The Oregon coastline is arguably the best stretch of road along the Pacific Coast - there is no other section of Highway 101 or 1 that stays so consistently close to the ocean. Rugged headlands, large rivers, and quiet beach towns are found throughout the entire coast. There is so much to explore with very few population centers close by, which means everything feels relaxed and local.
Along this stretch of Highway 101 you can expect to find delicious cheese factories, amazing microbreweries, scrumptious seafood, and plenty of charmingly quirky motels and bed & breakfasts.
The Columbia is the fourth largest river by volume in North America, and the largest by volume to enter the Pacific. Over the course of 1243 miles this river drops 2690 feet from Columbia Lake, British Columbia to Astoria, Oregon. For over 15,000 years native tribes fished, traveled, and traded along the Columbia River. Salmon served as both a major source of food and also as a focal point of their religious beliefs. Many historic fishing sites, such as Celilo Falls, were submerged when hydroelectric dams were built.
In the area known as Columbia Bar, where the river meets the ocean, conditions change from calm to life-threatening in a matter of minutes. Over 2000 ships and 700 live have been lost in this one area alone, giving it the nickname Graveyard of the Pacific(1).
Skyler Lanning and his wife Maria operate Wildwood Adventures, a day tour company out of Portland, OR. They offer public and customized tours to some of Oregon’s greatest natural treasures. For more information visit www.WildwoodTours.com
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The best stop along Highway 101 in Oregon requires that you veer off of Highway 101 by just 3 miles. The Three Capes Scenic Route begins just south of Cloverdale and takes you to Pacific City where you’ll find Cape Kiwanda, the southernmost Cape along the Three Capes Route.
In Pacific City, you will find the lesser-known Haystack Rock, towering 357 feet above the water. Adjacent to the Cape, it makes for beautiful eye-candy as you stare west.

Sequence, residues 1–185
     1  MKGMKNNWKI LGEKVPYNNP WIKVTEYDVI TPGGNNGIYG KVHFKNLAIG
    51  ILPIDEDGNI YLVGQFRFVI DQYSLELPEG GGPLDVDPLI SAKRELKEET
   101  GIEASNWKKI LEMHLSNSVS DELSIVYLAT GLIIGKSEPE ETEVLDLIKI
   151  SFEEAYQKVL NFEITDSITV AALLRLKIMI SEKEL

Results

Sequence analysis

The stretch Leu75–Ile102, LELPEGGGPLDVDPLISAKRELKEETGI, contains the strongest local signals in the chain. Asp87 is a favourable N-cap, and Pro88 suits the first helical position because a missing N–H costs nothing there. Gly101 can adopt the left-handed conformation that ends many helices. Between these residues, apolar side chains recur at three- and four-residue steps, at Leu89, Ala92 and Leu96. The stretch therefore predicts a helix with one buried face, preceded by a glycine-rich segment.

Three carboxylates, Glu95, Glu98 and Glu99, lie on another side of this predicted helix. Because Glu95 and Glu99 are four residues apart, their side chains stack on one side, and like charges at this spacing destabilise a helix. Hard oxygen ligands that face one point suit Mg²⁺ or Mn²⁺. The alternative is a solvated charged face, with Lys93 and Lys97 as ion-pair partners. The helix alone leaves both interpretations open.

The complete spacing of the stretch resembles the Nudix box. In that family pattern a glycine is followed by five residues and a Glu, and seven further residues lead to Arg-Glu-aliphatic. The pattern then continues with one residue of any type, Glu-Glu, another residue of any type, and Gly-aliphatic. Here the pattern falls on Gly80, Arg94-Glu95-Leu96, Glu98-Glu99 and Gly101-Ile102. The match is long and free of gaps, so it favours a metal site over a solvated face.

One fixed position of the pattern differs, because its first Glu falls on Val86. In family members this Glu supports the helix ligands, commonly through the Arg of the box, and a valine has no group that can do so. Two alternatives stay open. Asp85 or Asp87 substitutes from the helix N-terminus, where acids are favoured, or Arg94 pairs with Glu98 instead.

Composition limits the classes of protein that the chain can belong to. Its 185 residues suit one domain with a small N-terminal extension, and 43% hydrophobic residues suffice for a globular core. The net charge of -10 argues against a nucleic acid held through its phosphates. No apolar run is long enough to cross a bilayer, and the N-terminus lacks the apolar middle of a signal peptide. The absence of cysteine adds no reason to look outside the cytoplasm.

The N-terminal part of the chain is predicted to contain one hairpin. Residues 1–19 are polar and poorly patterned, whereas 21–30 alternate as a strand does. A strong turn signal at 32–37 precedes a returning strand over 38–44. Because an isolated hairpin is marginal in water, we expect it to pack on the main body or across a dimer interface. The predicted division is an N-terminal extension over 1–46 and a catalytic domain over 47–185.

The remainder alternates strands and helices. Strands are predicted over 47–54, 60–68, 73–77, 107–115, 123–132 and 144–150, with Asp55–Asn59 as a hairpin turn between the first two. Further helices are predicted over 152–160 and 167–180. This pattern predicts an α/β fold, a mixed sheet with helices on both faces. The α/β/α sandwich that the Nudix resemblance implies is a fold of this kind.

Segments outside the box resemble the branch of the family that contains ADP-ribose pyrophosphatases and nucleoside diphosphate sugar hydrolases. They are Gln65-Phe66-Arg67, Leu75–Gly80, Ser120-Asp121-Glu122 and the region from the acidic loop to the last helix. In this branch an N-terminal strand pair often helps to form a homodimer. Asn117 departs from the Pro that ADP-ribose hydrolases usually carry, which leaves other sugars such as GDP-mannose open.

Sitting right on the beach at Cape Kiwanda is the Pelican Pub & Brewery, one of the state’s award-winning breweries. The Pelican offers breakfast, lunch, and dinner on an outdoor patio so you can enjoy the beach al fresco.
The Cape provides for some of the most diverse activities along the coast. It is the Home of the Dory Fleet, a flat-bottom fishing boat that launches off the sand into the surf and has done so from this spot for over 100 years. It is one of the best surfing spots along the coast, providing perfect breakers courtesy of the sandbar that stretches from the Rock to the Cape. Kayakers launch here to fish or ride the waves. The marine garden provides tidepooling galore. And the 18 story sand dune creates a mecca for climbing, running, jumping, and sand boarding.
You can reconnect to Highway 101 as you travel north, after visiting Cape Lookout and Cape Meares.
As the operator of three local lodging establishments, Jeremy Stober often gets asked about the unique places to eat, drink, and visit. Being able to recommend the perfect match to a guest’s desire is his favorite part of the hospitality business! Find out more at www.yourlittlebeachtown.com
In the early 20th century, towns along the rugged Oregon coast were practically unreachable. By the 1920s, rapidly growing interest in coastal tourism prompted the funding of a highway that would span the entire length (2). Over the course of five years, from 1921 to 1926, section by section of Highway 101 was completed. Among the many challenges the engineers faced were the many rivers that ran from the Coastal Range Mountains to the ocean. Ferries were commonly used to transport cars and good across the rivers, but they couldn’t keep up with the increasing demands the highway brought. Instead, it was decided that bridges must connect each section of road.
Conde McCullough, the Oregon state bridge engineer at the time, was presented with the opportunity to design and build the infrastructure for these key links to the highway. McCullough wasn’t just interested in making the bridges structurally sound, but also architecturally beautiful. Over the course of fifteen years, McCullough designed a total of fourteen bridges along Highway 101. These bridges are constructed in a variety of styles and materials. You will find them adorned with Gothic spires, art deco obelisks, and Romanesque arches (3).
Some notable bridges include the Yaquina Bay Bridge (Newport), the Siuslaw River Bridge (Florence), and the Old Youngs Bay Bridge (Astoria).
McCullough went on to help design over 600 bridges in his lifetime.